The Man in the Shed by Lloyd Jones
|The Man in the Shed by Lloyd Jones|
|Category: Short Stories|
|Reviewer: Louise Laurie|
|Summary: A collection of stories with a common thread of family life in all its guises. Separation, imminent divorce and the effect of all this on children are all written about in Jones' excellent style.|
|Buy? Yes||Borrow? Yes|
|Pages: 320||Date: July 2011|
|Publisher: John Murray|
|External links: Author's website|
The title is certainly attention-grabbing and I hoped that the book would live up to my expectations. It did. The man in 'The Man in the Shed' is not blessed with a name. His name (whatever it is) is not important or relevant to the tale. It's all about why he's in the shed in the first place. This particular shed's in a garden of a house inhabited by a family which includes the young narrator. It's pretty clear that the marriage is going through a rocky patch right now. So who, you could reasonably wonder, is the odd one out here - the husband or the man in the shed. Jones tells us in his own way. He's a writer who catches your attention early, or he did in my case. No fancy statements or lazy cliches but good old plain English but with flair.
For example, after a bit of a scene between the parents it's explained by their son as ... this new atmosphere that the kitchen hadn't known before and Silence and anger looking for somewhere to alight. These lovely lines and similar are interwoven with everyday words so that when I came across one, I stopped and re-read it again. Jones does not need to shout out his talent from the rooftops, as it were, it's there in every single page. Lines which I wanted to re-read several times because they were so good. Sometimes it's implicit in gestures or a nod of the head by a particular character and at other times it's in the dialogue, or in the description eg: These days he was shy as a guinea pig.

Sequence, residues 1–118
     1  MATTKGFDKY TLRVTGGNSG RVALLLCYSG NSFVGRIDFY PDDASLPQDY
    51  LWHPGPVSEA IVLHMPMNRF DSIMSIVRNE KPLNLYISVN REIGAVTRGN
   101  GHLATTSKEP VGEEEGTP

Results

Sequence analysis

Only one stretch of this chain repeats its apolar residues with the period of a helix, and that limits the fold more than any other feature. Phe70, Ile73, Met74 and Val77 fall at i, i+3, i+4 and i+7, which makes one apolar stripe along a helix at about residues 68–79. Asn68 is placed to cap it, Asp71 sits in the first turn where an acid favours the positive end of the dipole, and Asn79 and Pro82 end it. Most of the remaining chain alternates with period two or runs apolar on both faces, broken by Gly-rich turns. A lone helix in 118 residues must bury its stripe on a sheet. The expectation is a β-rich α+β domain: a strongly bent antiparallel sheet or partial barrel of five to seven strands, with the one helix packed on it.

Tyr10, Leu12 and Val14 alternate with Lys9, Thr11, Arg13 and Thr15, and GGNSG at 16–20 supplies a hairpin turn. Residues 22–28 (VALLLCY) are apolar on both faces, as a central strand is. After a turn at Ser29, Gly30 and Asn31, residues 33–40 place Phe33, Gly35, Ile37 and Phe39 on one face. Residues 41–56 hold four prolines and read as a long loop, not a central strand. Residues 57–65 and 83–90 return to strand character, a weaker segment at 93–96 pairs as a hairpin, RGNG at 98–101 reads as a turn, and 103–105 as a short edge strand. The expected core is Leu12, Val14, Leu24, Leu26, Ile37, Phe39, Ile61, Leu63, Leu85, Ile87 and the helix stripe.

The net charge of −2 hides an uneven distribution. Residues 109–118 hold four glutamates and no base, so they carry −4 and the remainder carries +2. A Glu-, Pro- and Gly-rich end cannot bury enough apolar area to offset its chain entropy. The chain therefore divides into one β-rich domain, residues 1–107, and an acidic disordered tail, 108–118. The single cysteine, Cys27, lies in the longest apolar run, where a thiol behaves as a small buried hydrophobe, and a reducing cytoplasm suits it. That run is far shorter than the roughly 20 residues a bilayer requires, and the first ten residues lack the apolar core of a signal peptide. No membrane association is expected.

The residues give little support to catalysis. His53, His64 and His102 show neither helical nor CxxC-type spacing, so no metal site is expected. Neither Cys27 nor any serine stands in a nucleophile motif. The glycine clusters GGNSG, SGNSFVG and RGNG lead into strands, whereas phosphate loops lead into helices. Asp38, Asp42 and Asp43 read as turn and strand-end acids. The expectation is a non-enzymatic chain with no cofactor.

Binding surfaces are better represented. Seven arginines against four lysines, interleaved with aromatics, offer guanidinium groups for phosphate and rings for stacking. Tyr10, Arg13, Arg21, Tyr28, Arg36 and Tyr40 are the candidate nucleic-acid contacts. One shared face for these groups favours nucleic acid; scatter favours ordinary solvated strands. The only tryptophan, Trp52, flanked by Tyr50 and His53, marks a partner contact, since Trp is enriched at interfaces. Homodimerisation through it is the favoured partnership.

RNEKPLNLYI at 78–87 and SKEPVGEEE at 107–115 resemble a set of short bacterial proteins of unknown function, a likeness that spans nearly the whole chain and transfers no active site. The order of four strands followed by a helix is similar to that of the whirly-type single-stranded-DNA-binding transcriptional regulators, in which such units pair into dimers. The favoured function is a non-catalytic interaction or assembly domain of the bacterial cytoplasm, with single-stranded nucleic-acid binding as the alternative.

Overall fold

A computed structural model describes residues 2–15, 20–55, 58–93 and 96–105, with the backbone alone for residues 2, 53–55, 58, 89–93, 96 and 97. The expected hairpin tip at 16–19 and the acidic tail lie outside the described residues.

Most of the stories are based in New Zealand (where Jones lives) so there's a fair amount about nature and wide, open spaces. All of this gives an unhurried, almost ethereal quality to the whole book.
There's another terrific description which really caught my attention. A baby has sadly died at birth. The baby was not given a name by the parents, instead the baby was always referred to thereafter as poor little bugger. Simple, poignant and very effective, I thought. It's enough to put a lump in the throat.
The stories vary in length as well as in subject matter. There's a very short but succinct story called the things that distress me the most. A mere half a dozen pages or so but my, does it have impact. Told by a fastidious and rather narrow-minded married woman as she tells us about the awful night her husband drank too much on a night out (that was his story anyway) and ended up 'sleeping rough'. Her character traits show through at every turn. It's very witty.
In short story collections it's natural that we all have our favourites. I was however, lukewarm about the one entitled the simpsons in russia. But then in the following story I found the dialogue top-notch. Most deal with family life and its ups and downs and also about love in all its shapes and forms. And I had to wait right till the end to find my favourite, amateur rights which I thought so creative in its scope and language.
The back cover blurb describes this book as a haunting collection. I would add to this that once I'd read a story it stayed with me, even when I'd started the next one. So I slowed down and took my time to savour each and every one (well, bar that single one). Highly recommended.
I'd like to thank the publishers for sending a copy to the Bookbag.
If this book appeals then you might like to try The Empty Family by Colm Toibin.
You can read more book reviews or buy The Man in the Shed by Lloyd Jones at Amazon.co.uk
You can read more book reviews or buy The Man in the Shed by Lloyd Jones at Amazon.com.
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